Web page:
How would you respond to the success of the individual who took your job? How would you respond to a rival's achievements? The answer to those questions speaks to your mindset. Learn how Marcus Mariota's response revealed his mindset as we continue our series on growth and fixed mindsets.
Do you respond favorably to feedback, or do you get defensive? The answer to that question might reveal your mindset. In this episode, we look at how a coach yelling at you might be a good thing, and how the lack of that feedback might not be a good sign. Tune in as we continue our series on growth and fixed mindsets, and their response to feedback.
Laura Wilkinson is the only American woman to win Olympic gold in 10 m platform diving, yet she was "too old" to start the sport, a "waste of space" on her high school time, and entered the 2000 Olympics with a broken foot. Twenty years later, her comeback has been delayed by the postponement of the Tokyo Olympics. Her view of challenge is the perfect example of a growth mindset performer. Learn how her approach differs from that of a fixed mindset, and how you can help others develop this same attitude.
Nick Foles says that he has fallen thousands of times, yet he became the MVP of the Super Bowl. There's only one explanation, and that is his embracing of a growth mindset. In this episode, we look at how growth and fixed mindsets relate to failure. The implications are considerable and of great importance to teachers, coaches, and leaders.
In the second episode of our series on Mindset, we learn how Freddie Gillespie advanced from limited playing time at a D-III school to starting for Baylor University, one of the top basketball teams in the country. Along the way, we'll look at how an athlete's mindset determines their approach to effort and hard work.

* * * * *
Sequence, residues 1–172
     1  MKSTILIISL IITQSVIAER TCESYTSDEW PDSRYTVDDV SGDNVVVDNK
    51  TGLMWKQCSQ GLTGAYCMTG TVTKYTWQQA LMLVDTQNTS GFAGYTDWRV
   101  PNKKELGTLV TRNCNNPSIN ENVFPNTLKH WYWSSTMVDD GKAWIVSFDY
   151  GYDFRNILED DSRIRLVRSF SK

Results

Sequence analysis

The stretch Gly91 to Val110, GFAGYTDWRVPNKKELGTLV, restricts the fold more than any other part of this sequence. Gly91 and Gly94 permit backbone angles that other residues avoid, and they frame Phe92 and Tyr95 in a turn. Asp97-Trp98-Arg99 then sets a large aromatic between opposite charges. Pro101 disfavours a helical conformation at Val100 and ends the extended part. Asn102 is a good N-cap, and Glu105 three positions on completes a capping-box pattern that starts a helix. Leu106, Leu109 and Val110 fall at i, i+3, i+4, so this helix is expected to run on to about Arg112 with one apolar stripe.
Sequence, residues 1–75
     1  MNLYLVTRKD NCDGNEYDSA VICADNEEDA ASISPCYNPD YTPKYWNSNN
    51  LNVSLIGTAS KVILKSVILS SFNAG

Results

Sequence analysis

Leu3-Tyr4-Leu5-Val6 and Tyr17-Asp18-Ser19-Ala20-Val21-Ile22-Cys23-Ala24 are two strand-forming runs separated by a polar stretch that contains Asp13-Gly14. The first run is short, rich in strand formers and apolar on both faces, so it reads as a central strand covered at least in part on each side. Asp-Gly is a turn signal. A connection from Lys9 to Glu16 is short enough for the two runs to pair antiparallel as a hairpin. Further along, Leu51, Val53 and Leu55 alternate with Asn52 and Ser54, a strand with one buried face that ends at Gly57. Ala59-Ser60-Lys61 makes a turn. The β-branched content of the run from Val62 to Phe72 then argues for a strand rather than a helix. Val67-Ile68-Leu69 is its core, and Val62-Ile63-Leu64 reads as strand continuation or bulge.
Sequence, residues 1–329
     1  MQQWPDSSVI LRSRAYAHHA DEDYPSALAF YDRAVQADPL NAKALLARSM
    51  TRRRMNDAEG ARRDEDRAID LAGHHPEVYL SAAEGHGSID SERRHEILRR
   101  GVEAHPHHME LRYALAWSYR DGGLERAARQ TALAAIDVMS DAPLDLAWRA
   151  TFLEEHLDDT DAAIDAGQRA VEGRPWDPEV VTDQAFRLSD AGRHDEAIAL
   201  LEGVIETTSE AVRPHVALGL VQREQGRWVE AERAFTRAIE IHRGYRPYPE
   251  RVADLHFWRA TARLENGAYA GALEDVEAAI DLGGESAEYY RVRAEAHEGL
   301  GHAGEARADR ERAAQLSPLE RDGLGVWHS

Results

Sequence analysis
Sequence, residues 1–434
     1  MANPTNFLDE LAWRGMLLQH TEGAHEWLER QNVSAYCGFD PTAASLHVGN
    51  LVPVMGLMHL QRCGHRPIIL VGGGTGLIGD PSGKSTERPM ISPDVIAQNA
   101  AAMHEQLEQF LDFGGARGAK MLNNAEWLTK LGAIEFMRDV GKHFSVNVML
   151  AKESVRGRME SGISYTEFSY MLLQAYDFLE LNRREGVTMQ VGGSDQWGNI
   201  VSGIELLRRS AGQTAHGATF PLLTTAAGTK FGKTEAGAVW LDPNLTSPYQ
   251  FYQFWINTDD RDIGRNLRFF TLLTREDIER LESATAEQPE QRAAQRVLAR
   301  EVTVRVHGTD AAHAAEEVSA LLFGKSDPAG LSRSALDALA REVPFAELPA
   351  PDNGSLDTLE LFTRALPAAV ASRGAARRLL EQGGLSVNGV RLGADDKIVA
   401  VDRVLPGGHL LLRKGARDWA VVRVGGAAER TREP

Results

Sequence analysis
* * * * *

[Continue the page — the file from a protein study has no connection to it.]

We kick off a new series today, focusing on the concept of Mindset. Researched and identified by Dr. Carol Dweck at Stanford University, the concept of fixed and growth mindsets has broad implications for all types of performance - athletics, academics, the arts, leadership, and even relationships. Each episode will use stories and examples to highlight the differences between the two mindsets.
In our previous episodes, we've talked about the benefits and definition of mental toughness. What everyone really wants to know, however, is how to measure and train mental toughness. In this episode, we explain exactly how to measure and develop it.
Mental toughness is a valued commodity among performers, but actually defining it has challenged the field of performance and sport psychology for over 20 years. In this episode, we'll discover what researchers have found, and then distill it down to a functional definition.
This episode kicks off a series on mental toughness. Everyone says that it's important, but few agree on what it is, how to measure it, and how to develop it. A deep dive into the research literature took me to some unexpected places. In this episode, we'll lay out some surprising benefits of mental toughness off the field and in the classroom and workplace.
If you have taught, coached, or led for any period of time, you're well aware that there are distinct differences in the generations. In particular, just what are the generational differences that ripple through performance, especially in regards to Millennials and Generations Z? Tune in to learn more about how to better connect with and coach these generations.